1964 Framus Hootenanny 5/024/12

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In mid 1964, the Beatles started recording the initial tracks for their next Album release, “Beatles For Sale.”  One of the new instruments likely employed in the studio was a 12-string acoustic guitar, the 1964 Framus Hootenanny Model 5/024/12.
The origins of the Framus Company can be traced to the old European town of Schoenbach, where violins and other fine instruments were manufactured. After World War II, the instrument craftsmen from the region were displaced and relocated to other areas. So it was that Framus (Franconian Music Production Fred Wilfer Investment Trust) was founded on January 1st, 1946 in Erlangen, Germany.
Erlangen became the central location for the displaced violinmakers fro Schoenbach. However, at the end of 1949, due to the need for larger and more modern facilities, the town of Bubenreuth took over as the center for instrument makers. At the end of the 1950’s and early 1960’s, the Beat Boom created a huge demand for acoustic and electric guitars and Framus focused its production on these new bestsellers.
Framus guitars were used by a number of British Beat groups, including The Beatles. In addition to Lennon’s and Harrison’s use of a Hootenanny, Paul McCartney owned a Framus Zenith Model 17 and a Framus 5/1 Parlor guitar.
The 1964 versions of the “Hoot” came in numerous versions. It seemed the factory employed whatever materials were on-hand to craft and complete an instrument. Many parts and wood types were shared across “sister” models like the “Camping King.”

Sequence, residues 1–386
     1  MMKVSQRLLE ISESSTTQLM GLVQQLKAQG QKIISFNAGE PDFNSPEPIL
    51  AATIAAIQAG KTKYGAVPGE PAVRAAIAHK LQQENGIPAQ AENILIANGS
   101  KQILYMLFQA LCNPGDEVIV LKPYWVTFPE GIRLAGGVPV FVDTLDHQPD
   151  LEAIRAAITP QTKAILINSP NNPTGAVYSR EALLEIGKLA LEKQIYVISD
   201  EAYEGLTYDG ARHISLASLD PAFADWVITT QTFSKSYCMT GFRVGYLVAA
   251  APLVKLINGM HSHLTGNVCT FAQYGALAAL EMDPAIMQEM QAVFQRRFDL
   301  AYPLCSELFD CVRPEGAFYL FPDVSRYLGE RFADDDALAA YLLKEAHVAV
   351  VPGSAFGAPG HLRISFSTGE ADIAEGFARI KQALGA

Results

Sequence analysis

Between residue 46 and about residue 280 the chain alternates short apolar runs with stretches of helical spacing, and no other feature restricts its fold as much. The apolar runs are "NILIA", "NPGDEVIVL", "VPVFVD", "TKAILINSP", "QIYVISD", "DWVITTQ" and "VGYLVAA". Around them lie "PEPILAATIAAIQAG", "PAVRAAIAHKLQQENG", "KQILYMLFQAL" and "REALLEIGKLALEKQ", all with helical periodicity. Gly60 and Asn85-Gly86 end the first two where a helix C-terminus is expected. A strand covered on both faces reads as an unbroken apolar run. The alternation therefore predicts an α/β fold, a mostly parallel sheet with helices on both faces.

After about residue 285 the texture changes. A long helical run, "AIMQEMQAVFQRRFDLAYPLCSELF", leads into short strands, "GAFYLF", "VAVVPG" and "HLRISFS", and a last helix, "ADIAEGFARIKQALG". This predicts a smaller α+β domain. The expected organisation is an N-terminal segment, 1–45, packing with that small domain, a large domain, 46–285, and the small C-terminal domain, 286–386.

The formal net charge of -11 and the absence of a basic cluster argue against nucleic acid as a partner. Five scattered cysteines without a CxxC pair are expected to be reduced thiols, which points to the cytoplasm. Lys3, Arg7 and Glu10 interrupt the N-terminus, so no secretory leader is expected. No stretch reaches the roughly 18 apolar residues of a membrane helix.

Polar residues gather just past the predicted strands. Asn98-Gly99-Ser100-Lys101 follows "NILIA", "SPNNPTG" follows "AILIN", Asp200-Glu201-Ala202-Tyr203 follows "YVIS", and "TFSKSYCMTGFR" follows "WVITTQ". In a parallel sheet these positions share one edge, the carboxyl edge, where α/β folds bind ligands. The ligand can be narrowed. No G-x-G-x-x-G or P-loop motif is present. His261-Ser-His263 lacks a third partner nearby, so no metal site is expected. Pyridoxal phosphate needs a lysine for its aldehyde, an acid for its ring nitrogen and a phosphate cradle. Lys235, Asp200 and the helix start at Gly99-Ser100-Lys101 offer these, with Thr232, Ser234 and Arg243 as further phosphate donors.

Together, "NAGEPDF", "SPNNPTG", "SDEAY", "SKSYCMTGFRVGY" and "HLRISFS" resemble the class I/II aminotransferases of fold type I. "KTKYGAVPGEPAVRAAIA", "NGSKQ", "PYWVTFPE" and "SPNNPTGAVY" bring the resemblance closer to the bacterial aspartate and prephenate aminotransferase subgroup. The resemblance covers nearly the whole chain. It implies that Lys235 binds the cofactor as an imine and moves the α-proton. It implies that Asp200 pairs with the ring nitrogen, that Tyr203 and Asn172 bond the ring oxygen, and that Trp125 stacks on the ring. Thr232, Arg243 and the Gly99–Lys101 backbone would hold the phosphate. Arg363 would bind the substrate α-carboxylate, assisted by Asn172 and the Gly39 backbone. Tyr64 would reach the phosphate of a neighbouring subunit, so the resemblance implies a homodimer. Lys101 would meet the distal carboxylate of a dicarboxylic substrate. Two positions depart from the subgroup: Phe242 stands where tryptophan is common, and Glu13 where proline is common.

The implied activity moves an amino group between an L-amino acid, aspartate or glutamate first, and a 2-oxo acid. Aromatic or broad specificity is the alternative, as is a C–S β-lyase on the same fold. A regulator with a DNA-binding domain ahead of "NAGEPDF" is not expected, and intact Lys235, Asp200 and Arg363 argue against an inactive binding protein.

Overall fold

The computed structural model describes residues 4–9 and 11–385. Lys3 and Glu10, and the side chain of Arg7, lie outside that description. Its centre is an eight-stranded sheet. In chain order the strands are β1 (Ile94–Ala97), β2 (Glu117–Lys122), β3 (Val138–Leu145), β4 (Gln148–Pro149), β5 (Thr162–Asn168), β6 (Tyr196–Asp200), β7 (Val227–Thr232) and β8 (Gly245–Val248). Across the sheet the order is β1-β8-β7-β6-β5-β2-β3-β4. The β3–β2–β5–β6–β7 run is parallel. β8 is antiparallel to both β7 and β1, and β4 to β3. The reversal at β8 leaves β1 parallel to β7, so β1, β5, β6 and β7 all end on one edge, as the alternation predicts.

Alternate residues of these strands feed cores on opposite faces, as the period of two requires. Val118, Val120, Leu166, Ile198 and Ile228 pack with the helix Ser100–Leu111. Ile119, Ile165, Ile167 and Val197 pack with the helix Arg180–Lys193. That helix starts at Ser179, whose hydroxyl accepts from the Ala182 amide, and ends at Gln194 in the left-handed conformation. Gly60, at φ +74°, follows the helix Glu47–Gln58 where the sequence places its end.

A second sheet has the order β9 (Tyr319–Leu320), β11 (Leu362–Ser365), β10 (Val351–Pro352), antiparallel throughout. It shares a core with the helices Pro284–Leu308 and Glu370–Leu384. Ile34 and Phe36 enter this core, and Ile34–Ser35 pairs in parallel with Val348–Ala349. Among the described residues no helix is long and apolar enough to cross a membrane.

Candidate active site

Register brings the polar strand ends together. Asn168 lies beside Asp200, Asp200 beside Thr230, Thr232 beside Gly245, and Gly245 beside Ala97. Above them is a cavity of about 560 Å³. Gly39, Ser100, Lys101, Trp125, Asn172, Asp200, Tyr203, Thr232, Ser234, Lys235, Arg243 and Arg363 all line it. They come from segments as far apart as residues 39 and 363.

In general, the Hoots were 41” long and had 19 frets (although some were built with a 21 fret configuration and designated with an “L” at the end of the model description). The Hoots featured a Natural finished spruce flat top, round-shoulders, dreadnaught style with flat mahogany back, mahogany sides, dark binding, long screwed-in tortoise shell pick guard, thin rectangular bridge, non-slotted headstock, two 6-on-a-strip tuners with white buttons, black or tin truss cover, two styles of a trapeze tailpiece, various style rosettes around the sound hole (with the most distinctive style found on the Beatles Hoot). Hoot’s exported out of Germany were stamped with an “EX” on the sound-hole label.
The Hootenanny has an interesting “mid-range” tone (no highs or lows) and would sit very well in a studio recorded mix. Lennon is confirmed using it on the studio recording of “Help!” and “You’ve Got to Hide Your Love Away.” Movie going fans in 1965 saw Lennon use the Hoot as a prop in the movie “Help!” during the “You’ve Got to Hide your Love Away” segment. However, Beatles recording enthusiasts believe it is likely that Lennon and Harrison used the Hoot as early as 1964 on songs “I’m A Loser” and “Honey Don’t” and lot more in 1965 for “I’ve Just Seen A Face,” “It’s Only Love,” “’I’m Looking Through You,” “Norwegian Wood,” “Michelle” and “Girl” among many other tracks.
We are pleased to showcase our 1964 Framus Hootenanny Model 5/024/12 with 19 frets and an “EX” stamped on its sound-hole label. All the specifications of this 12-string guitar are identical to the one used by John Lennon and George Harrison.
George Harrison in the studio playing the "Hoot" as John Lennon looks on.
John Lennon on the set of the Beatles movie "Help!" strumming the 1964 Framus Hootenanny 5/024/12.

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